Officials at Ottawa University have launched an investigation after a junior student said she was removed from its cheerleading team for refusing to remove her hair bonnet during practice in an effort to keep her braids from striking teammates.

After Talyn Jefferson stood her ground on the issue, she said a white team coach insulted her with insensitive statements about Black hair. Following her dismissal from the team, Jefferson would share her story via text with a friend, who in turn posted the story on Twitter earlier this month, according to the Kansas City Star.

The coach made jokes about her hair and said she understands Black women’s hairstyles, Jefferson said. “I do Black people’s hair,” the tweet quoted the coach saying. “I’m a cosmetologist! I lived with a Black girl for five years. I do understand what it’s like to have hair like that.”

The 20-year-old said she didn’t intend to take her story public on Twitter, but was grateful that her friend shared it on the social media platform, which has brought more attention to her predicament.

“I got kicked off because I was standing up for myself against microaggressive comments that the coach made toward me, that made me and others very uncomfortable,” Jefferson told the Star. “Instead of the university addressing the fact that the comments were out of line and made me uncomfortable and the coach should have apologized, their solution was to kick me off instead.”

She later revealed on Twitter that she has "withdrawn from the school due to personal financial issues,” as rumors began to form that she had been expelled, the Kansas City Star reports.

Last week, Jefferson reiterated on social media that she was being truthful in her portrayal of the event despite attempts to besmirch her character.

“I am NOT lying I have no reason to lie! I was done wrong in this situation. Simple. Of course, people on the other side of this are going to call me a liar, in an attempt to make me look bad. All I ever wanted was for this to be fair,” she wrote.

A teammate came forward on Monday and validated Jefferson's story, saying 18 other witnesses can confirm the coach disparaged Jefferson.

Ottawa University officials confirmed in an email to the Kansas City Star that Jefferson had been let go from the team, but said it “had absolutely nothing to do with her hairstyle” nor the practice incident.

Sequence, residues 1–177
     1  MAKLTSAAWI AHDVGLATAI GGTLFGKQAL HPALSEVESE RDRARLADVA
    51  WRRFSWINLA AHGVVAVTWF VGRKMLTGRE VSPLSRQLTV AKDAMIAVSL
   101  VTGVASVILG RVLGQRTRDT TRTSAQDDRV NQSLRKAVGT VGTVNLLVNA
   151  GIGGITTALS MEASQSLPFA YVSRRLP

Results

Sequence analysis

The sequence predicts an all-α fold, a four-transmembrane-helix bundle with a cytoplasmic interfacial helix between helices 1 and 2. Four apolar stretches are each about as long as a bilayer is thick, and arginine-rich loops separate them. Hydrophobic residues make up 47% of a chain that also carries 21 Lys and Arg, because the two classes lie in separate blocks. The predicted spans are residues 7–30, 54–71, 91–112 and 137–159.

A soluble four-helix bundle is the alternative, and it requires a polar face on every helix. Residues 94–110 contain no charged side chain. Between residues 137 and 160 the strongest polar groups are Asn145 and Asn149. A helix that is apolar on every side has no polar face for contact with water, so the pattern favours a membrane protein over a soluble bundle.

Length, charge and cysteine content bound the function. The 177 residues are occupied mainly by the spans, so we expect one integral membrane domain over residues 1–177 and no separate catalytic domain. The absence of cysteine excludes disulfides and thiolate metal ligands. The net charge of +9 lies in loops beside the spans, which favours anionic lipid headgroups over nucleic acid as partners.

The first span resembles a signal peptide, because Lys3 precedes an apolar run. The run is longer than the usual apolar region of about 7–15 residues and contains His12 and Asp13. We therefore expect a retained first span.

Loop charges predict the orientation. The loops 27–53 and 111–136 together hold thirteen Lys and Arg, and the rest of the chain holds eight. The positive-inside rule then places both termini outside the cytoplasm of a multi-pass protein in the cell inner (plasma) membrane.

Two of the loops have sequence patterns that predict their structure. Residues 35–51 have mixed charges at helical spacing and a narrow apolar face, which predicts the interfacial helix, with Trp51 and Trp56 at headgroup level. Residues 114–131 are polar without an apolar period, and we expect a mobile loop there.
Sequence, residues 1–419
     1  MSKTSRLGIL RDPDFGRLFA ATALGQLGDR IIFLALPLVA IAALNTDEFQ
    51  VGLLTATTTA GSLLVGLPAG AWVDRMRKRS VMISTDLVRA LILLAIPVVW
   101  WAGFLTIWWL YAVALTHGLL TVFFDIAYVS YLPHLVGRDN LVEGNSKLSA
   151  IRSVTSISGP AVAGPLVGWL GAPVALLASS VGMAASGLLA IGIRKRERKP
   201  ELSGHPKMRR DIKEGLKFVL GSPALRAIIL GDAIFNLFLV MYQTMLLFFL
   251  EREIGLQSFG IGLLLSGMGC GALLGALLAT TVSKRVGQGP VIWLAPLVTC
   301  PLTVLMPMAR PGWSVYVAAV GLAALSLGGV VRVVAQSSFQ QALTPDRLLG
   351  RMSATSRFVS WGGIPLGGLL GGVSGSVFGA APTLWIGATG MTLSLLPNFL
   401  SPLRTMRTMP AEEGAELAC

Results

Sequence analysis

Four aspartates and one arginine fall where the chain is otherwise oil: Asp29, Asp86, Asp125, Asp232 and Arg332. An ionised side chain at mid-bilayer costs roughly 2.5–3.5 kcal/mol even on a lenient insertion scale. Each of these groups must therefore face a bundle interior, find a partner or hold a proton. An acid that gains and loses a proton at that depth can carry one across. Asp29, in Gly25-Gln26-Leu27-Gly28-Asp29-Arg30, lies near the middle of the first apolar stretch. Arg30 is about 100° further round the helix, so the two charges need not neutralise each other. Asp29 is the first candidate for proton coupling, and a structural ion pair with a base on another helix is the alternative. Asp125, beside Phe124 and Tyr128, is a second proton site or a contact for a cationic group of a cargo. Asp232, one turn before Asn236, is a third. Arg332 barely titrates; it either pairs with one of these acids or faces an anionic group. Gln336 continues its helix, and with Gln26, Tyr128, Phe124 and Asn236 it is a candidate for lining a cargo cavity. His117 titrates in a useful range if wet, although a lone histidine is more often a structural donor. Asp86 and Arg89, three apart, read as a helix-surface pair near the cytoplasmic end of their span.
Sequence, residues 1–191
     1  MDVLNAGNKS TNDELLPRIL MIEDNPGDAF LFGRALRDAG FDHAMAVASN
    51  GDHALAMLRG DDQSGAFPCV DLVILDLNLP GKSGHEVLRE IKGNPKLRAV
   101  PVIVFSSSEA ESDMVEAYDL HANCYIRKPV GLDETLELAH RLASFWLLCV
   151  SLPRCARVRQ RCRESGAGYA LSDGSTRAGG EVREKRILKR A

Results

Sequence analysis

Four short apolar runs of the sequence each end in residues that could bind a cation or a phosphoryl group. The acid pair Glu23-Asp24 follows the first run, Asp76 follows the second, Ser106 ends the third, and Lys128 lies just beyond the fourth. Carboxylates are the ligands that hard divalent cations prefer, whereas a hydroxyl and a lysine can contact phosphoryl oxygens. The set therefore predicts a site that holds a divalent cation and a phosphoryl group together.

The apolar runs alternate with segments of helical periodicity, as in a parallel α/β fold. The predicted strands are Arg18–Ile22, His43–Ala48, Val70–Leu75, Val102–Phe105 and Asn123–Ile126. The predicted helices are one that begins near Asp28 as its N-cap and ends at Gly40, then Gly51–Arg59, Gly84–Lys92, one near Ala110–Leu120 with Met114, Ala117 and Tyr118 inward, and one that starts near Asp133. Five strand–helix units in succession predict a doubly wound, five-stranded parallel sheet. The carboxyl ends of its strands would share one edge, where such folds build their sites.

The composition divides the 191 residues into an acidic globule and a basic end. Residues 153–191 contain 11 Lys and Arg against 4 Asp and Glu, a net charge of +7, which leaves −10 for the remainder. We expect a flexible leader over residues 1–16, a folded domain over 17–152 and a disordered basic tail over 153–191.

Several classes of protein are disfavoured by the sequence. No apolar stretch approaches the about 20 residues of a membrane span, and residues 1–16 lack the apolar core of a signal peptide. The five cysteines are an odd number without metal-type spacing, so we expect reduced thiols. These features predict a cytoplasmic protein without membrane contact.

Additionally, officials said, “no student has ever been sanctioned or expelled for wearing box braids, bonnets, or any other hairstyle.”

Jefferson said the school alleges she was removed from the team because she defies authority and has anger issues, according to the Kansas City Star. Jefferson claimed she had no misconduct issues at the university.

Scott Albright, a spokesperson for the university, referred to the incident as “regrettable,” and confirmed the matter was being investigated by officials. He declined to discuss specific details, citing restrictions due to student privacy and confidentiality laws.

University President Reggies Wenyika expressed that he's worried about the "narrative" being shared about the event on social media. He said that university officials have talked with Jefferson, other witnesses and evaluated video footage from the incident.

“The university recognizes that incidents of this nature can inflame passions, which can potentially lead to erroneous things being said or written,” Wenyika said. “However the targeting personal attacks and false and misleading information currently being circulated on social media are unfortunate.”

Following the case’s developments, Jefferson revealed that she's looking at other universities to pursue her degree.

Black hair and Black hairstyles have been at the center of discrimination lawsuits across the country.

Sen. Cory Booker introduced a federal CROWN Act in 2019 following a similar bill being passed in California through Sen. Holly J. Mitchell’s efforts, as Blavity previously reported. The Kansas City City Council voted unanimously in October to enact the CROWN Act, which includes hairstyle and texture in the city’s definition of racial discrimination, The National Law Review reports.